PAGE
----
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Sunday, October 25, 2020
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No, PDP is not a drug; it stands for Prescription Drug Plan. PDP. For those of you in or about to be in the Medicare-eligible market, chances are extremely high that you are very possibly in or will choose to be in a PDP that is not the most cost efficient for your situation.

If you are new to Medicare, it’s important to understand that you will need a separate Medicare PDP if you choose to be in a Medigap/Supplement health plan. Those are the lettered plans you have heard about and, yes, you might not be in the most cost efficient one of those either.

If you are in a Medicare Advantage plan, your PDP is part of the plan but you still have co-pays for the drugs themselves.

To best understand your options it’s important to be cognizant of how the carrier PDPs are designed. All drugs are divided into what is known as tiers and formularies. The tiers are numbered 1-5. The lower the tier the drug is in the lower cost. A formulary can be thought of as a list of drugs available.

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Now, here is the catch with Medicare PDP: Each Medicare PDP carrier has its own tiers and formulary, so both in theory and in reality, per the many clients I have worked with. Two carriers can have the same drug in different tiers, creating a substantial cost difference. The same applies to the formulary, as one carrier can have a drug in its formulary and another carrier may not, also creating a large cost difference.

In addition to the actual drug cost variance between the carriers, every PDP carrier charges a monthly premium that they, not the drug companies, receive. Also, most have a yearly deductible for drugs that are tier 3 or higher. The monthly premiums range from approximately $13.50 to about $95 and the deductibles from $235-$435, which is the maximum allowed by Medicare. The carrier, with Medicare approval, can move a drug to a higher or lower tier and/or add or remove a drug from their formulary, creating major cost changes. This usually happens with the tier 3-5 drugs, and there is no way to know in advance if a drug you are currently taking or might get prescribed during the year is going to have an increase or decrease in cost during the year.

Why do almost all my clients, before I work with them, wind up in PDP plans that are not the most cost efficient for them? The carrier media bombardment convinces and very often has brainwashed them into believing that the more they pay in premiums, regardless of drug costs, the better off they are. What they don’t realize is that the most important concept with PDP is: The carriers do not make the drugs.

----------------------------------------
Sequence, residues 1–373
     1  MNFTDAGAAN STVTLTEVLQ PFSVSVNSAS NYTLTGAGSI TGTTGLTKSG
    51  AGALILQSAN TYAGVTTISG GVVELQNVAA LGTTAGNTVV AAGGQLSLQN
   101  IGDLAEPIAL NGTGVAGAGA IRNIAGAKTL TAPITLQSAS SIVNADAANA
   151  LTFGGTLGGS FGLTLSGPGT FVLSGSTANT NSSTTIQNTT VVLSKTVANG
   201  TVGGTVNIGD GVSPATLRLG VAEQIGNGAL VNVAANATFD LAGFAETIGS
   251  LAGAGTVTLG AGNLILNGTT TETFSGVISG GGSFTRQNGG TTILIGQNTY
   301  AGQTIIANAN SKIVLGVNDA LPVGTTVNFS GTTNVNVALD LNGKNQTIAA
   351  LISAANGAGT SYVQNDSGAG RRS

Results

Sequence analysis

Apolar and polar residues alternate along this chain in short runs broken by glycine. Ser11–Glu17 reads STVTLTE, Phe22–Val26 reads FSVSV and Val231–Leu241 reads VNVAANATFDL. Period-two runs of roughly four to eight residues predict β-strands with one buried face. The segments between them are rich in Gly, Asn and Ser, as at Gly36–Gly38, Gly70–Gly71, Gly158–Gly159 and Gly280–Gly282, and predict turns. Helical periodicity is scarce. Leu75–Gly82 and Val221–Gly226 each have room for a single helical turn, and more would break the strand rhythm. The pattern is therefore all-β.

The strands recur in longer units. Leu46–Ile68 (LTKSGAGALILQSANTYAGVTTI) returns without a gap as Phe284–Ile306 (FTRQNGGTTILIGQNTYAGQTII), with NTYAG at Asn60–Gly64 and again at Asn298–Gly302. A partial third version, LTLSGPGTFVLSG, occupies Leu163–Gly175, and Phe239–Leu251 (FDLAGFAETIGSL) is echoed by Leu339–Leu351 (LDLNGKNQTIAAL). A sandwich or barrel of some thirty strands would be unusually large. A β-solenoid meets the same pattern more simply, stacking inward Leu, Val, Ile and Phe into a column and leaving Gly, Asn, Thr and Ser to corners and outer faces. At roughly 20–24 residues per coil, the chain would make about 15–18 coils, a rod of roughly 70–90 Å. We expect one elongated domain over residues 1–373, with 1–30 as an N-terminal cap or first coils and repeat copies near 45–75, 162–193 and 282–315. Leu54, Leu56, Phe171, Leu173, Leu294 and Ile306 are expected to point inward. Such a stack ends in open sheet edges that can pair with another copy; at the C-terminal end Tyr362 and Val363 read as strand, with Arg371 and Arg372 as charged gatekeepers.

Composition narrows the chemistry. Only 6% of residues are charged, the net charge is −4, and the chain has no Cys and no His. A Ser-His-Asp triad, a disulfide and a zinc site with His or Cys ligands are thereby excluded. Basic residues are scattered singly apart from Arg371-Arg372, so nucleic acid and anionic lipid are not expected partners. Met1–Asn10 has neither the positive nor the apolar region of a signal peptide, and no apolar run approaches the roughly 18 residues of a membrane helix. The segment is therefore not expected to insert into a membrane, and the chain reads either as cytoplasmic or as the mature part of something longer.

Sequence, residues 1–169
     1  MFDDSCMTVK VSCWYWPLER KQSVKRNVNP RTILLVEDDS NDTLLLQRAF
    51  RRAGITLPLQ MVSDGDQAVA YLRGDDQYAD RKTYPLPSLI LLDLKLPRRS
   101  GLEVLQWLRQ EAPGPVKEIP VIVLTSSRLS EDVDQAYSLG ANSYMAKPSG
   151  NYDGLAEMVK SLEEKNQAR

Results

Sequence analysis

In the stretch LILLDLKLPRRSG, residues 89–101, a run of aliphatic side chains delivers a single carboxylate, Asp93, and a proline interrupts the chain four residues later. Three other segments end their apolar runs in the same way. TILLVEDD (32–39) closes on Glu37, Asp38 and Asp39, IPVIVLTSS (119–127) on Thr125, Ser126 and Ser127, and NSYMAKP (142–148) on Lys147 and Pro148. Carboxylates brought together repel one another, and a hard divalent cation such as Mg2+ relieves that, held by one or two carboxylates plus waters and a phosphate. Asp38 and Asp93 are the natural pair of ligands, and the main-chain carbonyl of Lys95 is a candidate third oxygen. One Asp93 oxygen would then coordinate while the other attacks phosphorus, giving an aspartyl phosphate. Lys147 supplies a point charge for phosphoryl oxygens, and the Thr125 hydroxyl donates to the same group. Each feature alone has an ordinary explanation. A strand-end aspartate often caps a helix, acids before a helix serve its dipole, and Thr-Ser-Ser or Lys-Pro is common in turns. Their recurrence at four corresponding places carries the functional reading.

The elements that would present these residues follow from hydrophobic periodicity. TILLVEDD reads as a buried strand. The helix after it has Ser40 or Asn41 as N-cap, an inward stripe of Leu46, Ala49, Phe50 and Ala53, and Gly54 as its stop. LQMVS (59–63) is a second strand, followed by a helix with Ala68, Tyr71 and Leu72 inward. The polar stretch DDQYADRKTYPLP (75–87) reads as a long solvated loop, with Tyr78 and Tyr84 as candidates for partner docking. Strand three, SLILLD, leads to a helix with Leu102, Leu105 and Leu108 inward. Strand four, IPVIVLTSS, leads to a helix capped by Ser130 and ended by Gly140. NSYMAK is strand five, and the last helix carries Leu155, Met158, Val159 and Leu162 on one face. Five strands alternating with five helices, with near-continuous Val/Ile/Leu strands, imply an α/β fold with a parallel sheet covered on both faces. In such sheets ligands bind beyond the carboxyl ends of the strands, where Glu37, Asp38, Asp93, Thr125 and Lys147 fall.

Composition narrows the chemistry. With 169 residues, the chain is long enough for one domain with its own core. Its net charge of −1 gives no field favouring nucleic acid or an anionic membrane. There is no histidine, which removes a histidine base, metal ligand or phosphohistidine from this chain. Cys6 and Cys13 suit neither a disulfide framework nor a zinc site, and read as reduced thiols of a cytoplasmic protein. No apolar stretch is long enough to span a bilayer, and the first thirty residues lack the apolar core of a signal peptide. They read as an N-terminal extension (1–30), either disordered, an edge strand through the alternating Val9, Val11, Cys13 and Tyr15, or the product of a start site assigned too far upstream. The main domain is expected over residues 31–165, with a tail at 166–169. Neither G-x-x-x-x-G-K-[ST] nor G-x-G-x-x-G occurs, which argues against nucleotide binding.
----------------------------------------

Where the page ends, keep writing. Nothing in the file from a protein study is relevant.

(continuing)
With that in mind, why would you, as some of my clients have, pay a $35-$95 premium per month to the carrier when you are taking tier 1-2 drugs that cost no more than $5 or so each per month, when you can pay a monthly premium of approximately $13.50 for the same drugs?

To be transparent, cost efficiency with PDP, no matter what tier of drugs you are taking, is determined by the combination of the total monthly and yearly cost between the carrier premium, actual drug costs and the deductible. With 35 to 40 PDP plans in the NJ/NY metro area, you can attempt the exhausting, time consuming and frustrating process of attempting PDP cost efficiency yourself, or work with a Medicare licensed and certified professional.


Robert Remin is a licensed and certified independent agent with all Medicare carriers in NJ, NY and CT. Robert‘s only goal is to provide you a customized solution for all your insurance needs (without pushing products). He also works with advisers well versed in innovative tax strategies and design. For questions or a cost free consultation, contact Robert at 914-629-1753 or email [email protected], or visit www.robertremininsurance.com. Learn about the 2021 Medicare options in Robert’s next free Zoom: Solving the Medicare Puzzle/Medicare Myths Exposed class. Call, text or email for next class dates.

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